Monday, February 13, 2012


I've lost this game too many times to like it, but the Monopoly exhibit at the Museum of Play was really cool. The original 1933 board, hand-drawn by Charles Darrow, was round. It is extremely surreal to see the familiar illustrations on this board, just slightly different.

The original chance cards were not quite as decorative.

I do so love small things made big (in addition to big things made small).

The Landlord's Game was the precursor to Monopoly. It was patented by Elizabeth Magie, who hoped it would demonstrate the inherent problems in a system of land ownership in which rich people own everything and rent bits of it to poor people. This kind of game was popular in the early twentieth century, and people even made their own boards at home. The exhibit noted that Ivy League students played it, but changed the rules so that the winner was the person who could get the most money.

Probably the reason I never liked it is I'm basically a socialist.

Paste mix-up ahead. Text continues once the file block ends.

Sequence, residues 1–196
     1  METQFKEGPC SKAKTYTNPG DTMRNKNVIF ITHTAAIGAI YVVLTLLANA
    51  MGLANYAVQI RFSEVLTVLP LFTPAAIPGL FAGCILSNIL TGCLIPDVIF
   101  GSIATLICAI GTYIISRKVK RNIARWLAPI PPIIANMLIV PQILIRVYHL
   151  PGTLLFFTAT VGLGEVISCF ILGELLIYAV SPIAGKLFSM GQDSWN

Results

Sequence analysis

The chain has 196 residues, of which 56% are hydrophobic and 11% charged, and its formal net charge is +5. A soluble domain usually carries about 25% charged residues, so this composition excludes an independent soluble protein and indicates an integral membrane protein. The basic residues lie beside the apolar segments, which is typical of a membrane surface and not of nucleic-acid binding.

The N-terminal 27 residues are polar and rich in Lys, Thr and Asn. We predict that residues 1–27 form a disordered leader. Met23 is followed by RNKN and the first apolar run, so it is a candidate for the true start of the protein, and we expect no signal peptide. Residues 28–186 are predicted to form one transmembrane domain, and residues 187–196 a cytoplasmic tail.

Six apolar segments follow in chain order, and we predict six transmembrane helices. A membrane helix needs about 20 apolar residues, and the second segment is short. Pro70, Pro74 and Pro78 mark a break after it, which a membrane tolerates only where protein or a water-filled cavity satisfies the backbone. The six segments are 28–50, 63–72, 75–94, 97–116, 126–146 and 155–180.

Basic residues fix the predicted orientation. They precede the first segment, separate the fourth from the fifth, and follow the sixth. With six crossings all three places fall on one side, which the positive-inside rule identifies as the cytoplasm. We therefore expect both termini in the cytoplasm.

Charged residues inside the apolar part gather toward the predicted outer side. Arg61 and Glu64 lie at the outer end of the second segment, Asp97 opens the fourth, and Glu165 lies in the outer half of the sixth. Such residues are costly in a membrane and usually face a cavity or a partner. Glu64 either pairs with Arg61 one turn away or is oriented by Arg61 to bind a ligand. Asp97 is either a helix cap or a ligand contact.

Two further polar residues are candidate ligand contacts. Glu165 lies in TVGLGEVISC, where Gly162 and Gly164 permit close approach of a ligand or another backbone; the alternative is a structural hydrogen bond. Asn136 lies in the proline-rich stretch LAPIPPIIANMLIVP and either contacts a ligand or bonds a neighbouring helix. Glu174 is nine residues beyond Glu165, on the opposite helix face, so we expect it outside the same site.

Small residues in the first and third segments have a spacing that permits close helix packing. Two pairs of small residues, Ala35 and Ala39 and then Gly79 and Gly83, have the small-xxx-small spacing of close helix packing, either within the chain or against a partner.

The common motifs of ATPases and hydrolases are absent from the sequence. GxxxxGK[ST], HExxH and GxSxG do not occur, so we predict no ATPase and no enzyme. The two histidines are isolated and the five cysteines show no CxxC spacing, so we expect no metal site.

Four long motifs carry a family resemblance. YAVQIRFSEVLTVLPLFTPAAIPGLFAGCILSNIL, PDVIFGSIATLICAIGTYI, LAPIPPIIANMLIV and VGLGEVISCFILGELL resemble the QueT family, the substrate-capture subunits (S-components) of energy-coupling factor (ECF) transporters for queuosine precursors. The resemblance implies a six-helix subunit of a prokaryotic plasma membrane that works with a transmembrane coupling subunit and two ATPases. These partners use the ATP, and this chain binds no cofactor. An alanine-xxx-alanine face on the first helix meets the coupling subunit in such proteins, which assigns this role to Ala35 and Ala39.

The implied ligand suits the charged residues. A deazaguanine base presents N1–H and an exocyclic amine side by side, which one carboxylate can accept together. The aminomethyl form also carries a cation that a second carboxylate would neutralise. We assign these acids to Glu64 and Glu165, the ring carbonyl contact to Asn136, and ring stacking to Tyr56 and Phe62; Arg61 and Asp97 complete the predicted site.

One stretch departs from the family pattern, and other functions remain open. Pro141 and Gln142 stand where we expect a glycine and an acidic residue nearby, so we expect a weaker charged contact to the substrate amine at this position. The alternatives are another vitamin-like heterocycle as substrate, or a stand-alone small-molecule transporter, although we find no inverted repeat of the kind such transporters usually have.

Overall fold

Matthew said...

1) Does the round one still FOLD?
2a) Why is GOAT ALLEY not a space, nowadays?
2b) If you open a bar, will you name it GOAT ALLEY?
3) For some reason, the origin of popular board games has never crossed my mind. I wish "Riggins at Sea" was that, instead. (Maybe it is...)

Simon said...

1) No, I don't think so. It was just a big round piece of heavy cardboard with no creases in it.
2a) I wondered that too.
2b) Obviously, yes.
3) I wish "Riggins at Sea" was that, too.

Anonymous said...

I'm partial to "rubeville" myself (sounds like some places I have been), and Soakum Lighting Systems reminds me very much of Dewey, Cheetham and Howe. The later Monopoly game would have been more interesting with Goat Alley and Rubeville.